An investigation into the Omagh bombing has been left “clouded in secrecy” after the Prime Minister repeatedly blocked access to secret documents, MPs claimed today.
Key findings about claims that vital information picked up from bombers' phone calls was not passed on to RUC detectives in the days after the attack have been withheld from the Northern Ireland Affairs committee.
Its members are holding an inquiry into the atrocity, but today have taken the step of publishing a report solely criticising the Government for turning down its requests to see a confidential briefing on the claims.
Asked if failure to release the findings left the inquiry clouded in secrecy, chairman Sir Patrick Cormack replied: “It has.”
“We don't feel this is satisfactory. Quite a few people have already read it, including senior civil servants and members of the PSNI,” he said.
“We are in the dark. We just feel that for the sake of completeness we should be able to say we have seen this report.”
Gordon Brown last year ordered Sir Peter Gibson to examine claims in a Panorama documentary that GCHQ was monitoring calls made by the bombers in the run-up to the 1998 Real IRA blast that killed 29 people in Co Tyrone.
Relatives, unhappy with the findings, called on the Northern Ireland Affairs committee to step in to investigate and are pushing for a full public inquiry.
But only the summary of Sir Peter's report was given to the committee. As the full document contains sensitive information about security forces, Sir Patrick was charged with viewing it alone on behalf of the committee, but was refused by Government.
He submitted three requests to Downing Street, as well as bids to Secretary of State Shaun Woodward and Cabinet Office Minister Tessa Jowell, which were all turned down. In a letter, the Prime Minister said: “The published version of Sir Peter's report omits only the extensive, sensitive detail of Agency sources, methods and capabilities which must continue to be protected from unnecessary disclosure for national security considerations.
“I have previously assured you that Sir Peter's full report is entirely consistent with the full classified version and you now have Sir Peter's categorical assurance to that effect as well.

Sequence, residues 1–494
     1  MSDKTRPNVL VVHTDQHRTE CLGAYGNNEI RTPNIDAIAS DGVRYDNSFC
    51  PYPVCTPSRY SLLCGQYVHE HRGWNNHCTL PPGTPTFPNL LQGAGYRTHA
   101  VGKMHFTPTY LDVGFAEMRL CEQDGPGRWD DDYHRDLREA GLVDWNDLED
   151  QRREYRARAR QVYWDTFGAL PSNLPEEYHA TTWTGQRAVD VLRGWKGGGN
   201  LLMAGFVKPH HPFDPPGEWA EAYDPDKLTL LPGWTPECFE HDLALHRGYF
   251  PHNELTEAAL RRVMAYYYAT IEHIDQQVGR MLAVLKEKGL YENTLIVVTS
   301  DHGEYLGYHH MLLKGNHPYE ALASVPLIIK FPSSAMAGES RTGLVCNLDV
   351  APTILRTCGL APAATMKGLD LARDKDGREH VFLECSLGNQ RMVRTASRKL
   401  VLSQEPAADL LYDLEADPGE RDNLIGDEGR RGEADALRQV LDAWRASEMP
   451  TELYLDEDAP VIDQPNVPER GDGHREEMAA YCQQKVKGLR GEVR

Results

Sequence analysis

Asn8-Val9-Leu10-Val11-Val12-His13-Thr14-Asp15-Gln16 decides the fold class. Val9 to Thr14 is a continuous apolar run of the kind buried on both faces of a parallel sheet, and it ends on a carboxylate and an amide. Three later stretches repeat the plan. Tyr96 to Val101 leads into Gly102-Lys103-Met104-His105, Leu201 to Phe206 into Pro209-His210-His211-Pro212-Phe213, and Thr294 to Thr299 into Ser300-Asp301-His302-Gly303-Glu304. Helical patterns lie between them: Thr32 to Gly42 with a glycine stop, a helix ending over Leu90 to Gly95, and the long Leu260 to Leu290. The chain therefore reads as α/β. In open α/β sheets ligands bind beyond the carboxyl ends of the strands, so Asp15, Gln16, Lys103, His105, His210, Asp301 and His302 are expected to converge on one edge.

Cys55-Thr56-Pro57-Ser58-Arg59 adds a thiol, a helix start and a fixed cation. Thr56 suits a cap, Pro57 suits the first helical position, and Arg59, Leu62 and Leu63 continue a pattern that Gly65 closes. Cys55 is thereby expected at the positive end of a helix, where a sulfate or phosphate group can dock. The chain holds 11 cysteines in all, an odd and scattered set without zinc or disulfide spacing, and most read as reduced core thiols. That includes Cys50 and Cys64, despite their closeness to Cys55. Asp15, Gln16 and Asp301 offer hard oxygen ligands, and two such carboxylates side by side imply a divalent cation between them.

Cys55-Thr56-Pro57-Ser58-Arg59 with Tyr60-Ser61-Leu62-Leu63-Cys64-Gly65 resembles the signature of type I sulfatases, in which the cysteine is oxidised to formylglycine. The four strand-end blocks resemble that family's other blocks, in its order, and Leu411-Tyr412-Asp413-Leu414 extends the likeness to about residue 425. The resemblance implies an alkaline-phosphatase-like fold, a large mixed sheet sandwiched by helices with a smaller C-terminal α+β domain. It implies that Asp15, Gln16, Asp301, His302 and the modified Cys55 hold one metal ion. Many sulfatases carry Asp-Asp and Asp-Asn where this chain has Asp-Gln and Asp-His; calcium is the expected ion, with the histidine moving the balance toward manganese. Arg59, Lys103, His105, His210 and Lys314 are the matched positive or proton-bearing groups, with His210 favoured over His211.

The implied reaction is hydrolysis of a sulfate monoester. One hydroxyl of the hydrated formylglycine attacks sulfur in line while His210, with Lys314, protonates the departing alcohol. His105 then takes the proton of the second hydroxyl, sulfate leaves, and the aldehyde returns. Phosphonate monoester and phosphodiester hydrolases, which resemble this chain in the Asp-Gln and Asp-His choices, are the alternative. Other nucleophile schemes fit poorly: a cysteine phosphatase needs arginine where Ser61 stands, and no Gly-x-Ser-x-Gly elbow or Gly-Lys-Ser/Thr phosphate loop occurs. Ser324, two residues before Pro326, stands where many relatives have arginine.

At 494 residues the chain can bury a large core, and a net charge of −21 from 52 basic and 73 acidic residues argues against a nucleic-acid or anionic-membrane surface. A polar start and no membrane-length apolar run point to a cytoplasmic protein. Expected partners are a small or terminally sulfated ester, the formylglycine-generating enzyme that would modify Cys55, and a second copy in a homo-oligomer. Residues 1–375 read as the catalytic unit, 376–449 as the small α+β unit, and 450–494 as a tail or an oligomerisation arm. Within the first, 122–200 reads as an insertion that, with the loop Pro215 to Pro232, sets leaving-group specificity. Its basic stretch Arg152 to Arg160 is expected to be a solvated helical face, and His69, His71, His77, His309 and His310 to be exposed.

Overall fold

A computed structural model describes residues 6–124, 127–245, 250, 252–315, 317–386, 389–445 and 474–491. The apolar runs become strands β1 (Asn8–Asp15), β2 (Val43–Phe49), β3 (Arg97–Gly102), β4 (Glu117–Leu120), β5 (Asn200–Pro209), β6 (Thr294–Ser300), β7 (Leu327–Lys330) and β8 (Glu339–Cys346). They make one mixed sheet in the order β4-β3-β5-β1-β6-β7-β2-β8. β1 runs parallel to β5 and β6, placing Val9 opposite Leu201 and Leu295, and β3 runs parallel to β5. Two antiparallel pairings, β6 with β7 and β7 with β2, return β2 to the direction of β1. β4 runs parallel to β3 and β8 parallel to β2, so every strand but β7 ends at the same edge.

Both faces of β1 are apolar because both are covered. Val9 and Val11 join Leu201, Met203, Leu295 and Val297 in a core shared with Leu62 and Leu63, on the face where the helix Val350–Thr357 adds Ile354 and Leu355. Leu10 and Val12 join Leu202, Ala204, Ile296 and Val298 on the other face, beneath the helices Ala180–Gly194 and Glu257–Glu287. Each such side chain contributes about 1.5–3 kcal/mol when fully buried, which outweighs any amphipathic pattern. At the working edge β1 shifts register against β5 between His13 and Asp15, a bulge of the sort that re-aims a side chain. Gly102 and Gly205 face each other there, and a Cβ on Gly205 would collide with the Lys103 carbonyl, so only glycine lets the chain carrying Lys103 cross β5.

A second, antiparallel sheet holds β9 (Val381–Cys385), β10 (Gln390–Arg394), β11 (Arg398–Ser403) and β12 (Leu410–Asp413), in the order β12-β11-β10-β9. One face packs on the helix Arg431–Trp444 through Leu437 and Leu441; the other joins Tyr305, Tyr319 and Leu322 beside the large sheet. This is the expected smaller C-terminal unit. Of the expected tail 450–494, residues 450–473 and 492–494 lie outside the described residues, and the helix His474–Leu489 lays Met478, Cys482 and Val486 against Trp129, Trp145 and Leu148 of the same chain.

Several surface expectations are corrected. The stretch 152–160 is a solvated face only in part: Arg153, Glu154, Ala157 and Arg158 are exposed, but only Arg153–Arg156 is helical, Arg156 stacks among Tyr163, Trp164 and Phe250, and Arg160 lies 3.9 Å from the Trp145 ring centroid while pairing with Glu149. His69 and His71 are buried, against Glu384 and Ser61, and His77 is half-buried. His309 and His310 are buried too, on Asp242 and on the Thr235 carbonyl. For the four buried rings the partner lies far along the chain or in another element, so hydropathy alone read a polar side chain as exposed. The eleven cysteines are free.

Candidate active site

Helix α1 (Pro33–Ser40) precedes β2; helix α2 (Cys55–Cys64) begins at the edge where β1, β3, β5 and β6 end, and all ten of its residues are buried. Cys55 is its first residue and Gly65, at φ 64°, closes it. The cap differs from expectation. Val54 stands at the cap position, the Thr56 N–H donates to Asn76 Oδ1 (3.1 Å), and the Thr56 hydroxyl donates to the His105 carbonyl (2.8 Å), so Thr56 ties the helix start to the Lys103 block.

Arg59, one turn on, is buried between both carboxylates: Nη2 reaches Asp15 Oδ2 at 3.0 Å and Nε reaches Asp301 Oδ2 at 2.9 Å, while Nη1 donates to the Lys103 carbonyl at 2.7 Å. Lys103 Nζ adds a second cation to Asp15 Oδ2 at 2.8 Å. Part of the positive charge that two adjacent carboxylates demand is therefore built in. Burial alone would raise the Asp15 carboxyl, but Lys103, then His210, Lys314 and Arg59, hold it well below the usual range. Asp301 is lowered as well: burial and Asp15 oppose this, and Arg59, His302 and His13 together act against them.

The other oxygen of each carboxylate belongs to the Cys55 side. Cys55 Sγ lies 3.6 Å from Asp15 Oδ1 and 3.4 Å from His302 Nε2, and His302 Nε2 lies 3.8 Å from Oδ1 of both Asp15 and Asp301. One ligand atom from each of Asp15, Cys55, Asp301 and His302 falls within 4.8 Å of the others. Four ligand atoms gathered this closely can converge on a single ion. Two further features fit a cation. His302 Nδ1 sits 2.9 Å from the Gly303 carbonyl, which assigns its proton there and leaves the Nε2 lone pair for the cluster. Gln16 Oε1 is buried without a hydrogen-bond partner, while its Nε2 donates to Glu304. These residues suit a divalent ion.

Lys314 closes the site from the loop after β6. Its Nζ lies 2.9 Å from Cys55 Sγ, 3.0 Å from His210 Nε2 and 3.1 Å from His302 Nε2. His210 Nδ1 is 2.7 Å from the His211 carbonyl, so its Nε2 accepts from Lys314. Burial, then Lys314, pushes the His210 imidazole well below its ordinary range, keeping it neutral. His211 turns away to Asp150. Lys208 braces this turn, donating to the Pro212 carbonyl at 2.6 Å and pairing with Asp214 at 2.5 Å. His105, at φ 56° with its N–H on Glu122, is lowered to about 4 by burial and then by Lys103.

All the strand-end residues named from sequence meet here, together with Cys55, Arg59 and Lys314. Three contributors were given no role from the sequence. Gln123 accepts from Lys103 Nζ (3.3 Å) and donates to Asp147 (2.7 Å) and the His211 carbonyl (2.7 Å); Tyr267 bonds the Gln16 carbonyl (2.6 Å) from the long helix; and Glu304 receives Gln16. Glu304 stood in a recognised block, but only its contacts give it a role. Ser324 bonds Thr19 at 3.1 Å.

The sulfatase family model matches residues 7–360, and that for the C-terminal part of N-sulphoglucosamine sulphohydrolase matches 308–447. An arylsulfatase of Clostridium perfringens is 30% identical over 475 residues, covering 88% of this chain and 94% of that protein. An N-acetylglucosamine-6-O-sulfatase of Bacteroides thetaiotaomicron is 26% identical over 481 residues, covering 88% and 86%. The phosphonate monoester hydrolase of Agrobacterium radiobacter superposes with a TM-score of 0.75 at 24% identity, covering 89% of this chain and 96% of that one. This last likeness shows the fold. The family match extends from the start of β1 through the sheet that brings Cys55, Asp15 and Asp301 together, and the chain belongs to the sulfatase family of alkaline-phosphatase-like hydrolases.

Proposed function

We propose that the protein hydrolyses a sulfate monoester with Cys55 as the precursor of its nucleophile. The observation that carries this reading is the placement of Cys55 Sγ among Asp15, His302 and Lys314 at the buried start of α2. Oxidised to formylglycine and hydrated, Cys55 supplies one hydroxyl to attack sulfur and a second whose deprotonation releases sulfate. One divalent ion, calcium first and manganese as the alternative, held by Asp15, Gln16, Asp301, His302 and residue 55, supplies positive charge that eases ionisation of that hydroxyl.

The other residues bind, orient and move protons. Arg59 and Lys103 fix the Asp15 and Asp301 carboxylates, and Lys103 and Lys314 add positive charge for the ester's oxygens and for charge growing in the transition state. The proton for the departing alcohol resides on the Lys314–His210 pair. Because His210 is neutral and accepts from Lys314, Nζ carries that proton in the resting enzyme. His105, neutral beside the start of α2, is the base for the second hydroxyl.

“You also have Sir Peter's unequivocal assurance that the Omagh bombing could not have been prevented by the better use of any intelligence that might have existed, and there is nothing in the full report which supports the concern among the Omagh families about whether those who carried out the bombing could have been identified and arrested in the aftermath.”
But in its special report, The Omagh Bombing: Access To Intelligence, the committee cites Government guidelines that allow it to provide information on a confidential basis, if it is impossible to do so publicly.
Report ‘helps in bid for public inquiry’
A damning report critical of the Government’s refusal to reveal secret documents about the Omagh bomb investigation strengthens a case for a public inquiry into the atrocity, the campaign group for relatives of the victims has said.
Michael Gallagher, whose son Aiden died in the 1998 Real IRA bombing, made the comments after members of the Northern Ireland Affairs committee published the report.
It was issued after the Government repeatedly blocked requests made by Chairman Sir Patrick Cormack to see a confidential briefing on the claims that vital information picked up from bombers’ phone calls was not passed on to RUC detectives in the days after the attack.
Mr Gallagher, who is chair of the Omagh Support and Self Help Group, said: “We believed it was vital to establish what happened in the days prior to and on the day of the bombing. And sadly that is not going to happen and it is inevitable that people will draw their own conclusions,” he said.
He added: “I think reports such as this one coming out strengthen our call even further that there should be a public inquiry, because obviously our Government wants to hide information from the families. That in itself is very damning on the Government’s part.”
Taken from the Belfast TelegraphReuse content